A staggering 84 percent of U.S. citizens have experienced social engineering behavior, according to a new survey by NordVPN. Although authentication systems have migrated toward verifying biometric characteristics such as video or voice data, as well as fingerprints and movement recognition, the same research that underpinned these advances is constantly pushing forward new methods to falsify the data.

Currently, deepfakes are one of the most popular types of social engineering attacks. By impersonating influential people, bosses, or friends and loved ones, the attackers can trick people into giving them money or obtaining confidential information. In their 2021 Cyberthreat Analysis, Insikt Group’s security consultants forecast a drastic rise in deepfake attacks. 


Fighting Deepfakes With AI

The state sector has been actively developing deepfake detection methods since the technology’s initial emergence in 2018. It’s an ongoing game of whack-a-mole, as deepfake software creators use publicity around the discovery of perceived tells” (such as unblinking faces) as a free bug list, systematically closing most of the loopholes shortly after their discovery.

Emerging attack architectures are quite resistant to challenge, with many incursion attempts anticipating the negotiation of multifactor authentication systems like those commonly implemented for mobile banking security. In cases where biometric data is faked (such as the use of masks, master faces” and even neurally crafted physical makeup to defeat facial ID systems), authentication systems that detect the subject’s liveness are an emerging front in bolstering biometric systems.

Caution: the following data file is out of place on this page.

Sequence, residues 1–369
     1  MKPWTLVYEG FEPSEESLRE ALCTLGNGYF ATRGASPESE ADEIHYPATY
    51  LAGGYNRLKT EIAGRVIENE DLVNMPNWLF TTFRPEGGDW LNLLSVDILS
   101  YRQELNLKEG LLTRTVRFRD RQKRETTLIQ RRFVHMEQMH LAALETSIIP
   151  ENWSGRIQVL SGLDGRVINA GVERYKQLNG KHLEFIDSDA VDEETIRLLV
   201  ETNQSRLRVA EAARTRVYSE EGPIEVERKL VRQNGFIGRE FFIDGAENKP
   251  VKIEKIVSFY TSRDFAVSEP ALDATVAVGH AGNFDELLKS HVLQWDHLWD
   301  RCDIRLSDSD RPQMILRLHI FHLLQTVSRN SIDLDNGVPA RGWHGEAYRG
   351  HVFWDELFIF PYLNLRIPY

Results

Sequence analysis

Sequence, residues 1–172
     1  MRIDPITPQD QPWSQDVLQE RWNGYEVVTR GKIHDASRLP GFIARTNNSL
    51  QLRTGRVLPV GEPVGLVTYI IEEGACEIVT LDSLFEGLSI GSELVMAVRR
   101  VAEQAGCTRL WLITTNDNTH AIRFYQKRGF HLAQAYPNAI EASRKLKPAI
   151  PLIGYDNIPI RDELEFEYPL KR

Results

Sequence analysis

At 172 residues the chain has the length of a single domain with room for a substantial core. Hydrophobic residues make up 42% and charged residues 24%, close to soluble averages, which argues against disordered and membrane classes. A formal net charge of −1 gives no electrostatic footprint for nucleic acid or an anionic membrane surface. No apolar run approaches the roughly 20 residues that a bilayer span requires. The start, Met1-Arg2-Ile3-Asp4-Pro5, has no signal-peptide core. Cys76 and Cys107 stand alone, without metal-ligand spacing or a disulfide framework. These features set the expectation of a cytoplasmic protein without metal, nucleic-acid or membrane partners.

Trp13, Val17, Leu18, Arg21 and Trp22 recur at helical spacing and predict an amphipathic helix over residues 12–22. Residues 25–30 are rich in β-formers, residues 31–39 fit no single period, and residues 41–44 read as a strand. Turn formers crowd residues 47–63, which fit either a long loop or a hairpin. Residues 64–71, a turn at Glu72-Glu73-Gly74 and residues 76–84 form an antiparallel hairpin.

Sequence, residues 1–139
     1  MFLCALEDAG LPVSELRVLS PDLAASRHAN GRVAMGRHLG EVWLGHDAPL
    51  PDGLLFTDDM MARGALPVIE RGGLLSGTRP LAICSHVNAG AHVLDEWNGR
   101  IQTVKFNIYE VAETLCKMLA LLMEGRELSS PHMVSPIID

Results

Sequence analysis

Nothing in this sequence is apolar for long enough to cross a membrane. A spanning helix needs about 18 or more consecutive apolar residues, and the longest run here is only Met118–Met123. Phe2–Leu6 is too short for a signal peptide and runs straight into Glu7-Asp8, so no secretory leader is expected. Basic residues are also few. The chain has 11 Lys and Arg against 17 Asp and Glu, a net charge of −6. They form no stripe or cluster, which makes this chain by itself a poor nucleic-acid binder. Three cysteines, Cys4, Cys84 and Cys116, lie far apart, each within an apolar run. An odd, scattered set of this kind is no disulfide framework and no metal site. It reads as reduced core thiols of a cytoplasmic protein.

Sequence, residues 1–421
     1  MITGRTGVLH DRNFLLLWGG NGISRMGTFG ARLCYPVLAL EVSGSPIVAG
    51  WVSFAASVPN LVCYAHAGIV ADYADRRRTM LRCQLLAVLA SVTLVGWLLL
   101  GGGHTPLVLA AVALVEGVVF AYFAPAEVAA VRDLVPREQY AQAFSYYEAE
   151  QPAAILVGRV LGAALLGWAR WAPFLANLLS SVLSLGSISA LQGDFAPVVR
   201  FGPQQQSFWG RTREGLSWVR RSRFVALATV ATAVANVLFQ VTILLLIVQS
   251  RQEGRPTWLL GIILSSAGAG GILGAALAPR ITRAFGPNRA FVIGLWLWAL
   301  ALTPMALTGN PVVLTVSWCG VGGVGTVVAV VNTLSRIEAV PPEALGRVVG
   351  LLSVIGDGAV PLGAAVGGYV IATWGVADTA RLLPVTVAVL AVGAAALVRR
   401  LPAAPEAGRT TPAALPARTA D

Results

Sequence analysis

The topic of liveness detection has inspired LivDet, a biannual hackathon begun in 2009, that harvests the latest AI-based techniques designed to combat deceptions based on iris and fingerprint spoofing.

One recent system developed by the researchers from the University of Bridgeport uses anisotropic diffusion (the way light reacts with skin) to confirm an authentic face, while others have used blinking as an index of liveness (though this is now correctible in deepfake work flows). In June of 2021, a new liveness detection method was proposed that discerns unforgeable lip motion patterns.  


Combatting Network Incursion With Machine Learning

What of the remaining 16 percent of attacks that don’t rely on human susceptibility? Effective cybersecurity tools and systems for enterprise network management must now take an anticipatory, AI-based approach to detecting more traditional types of attack, such as botnets, malware traffic, and other types of network assaults that may fall outside of recognized and protected attack vectors.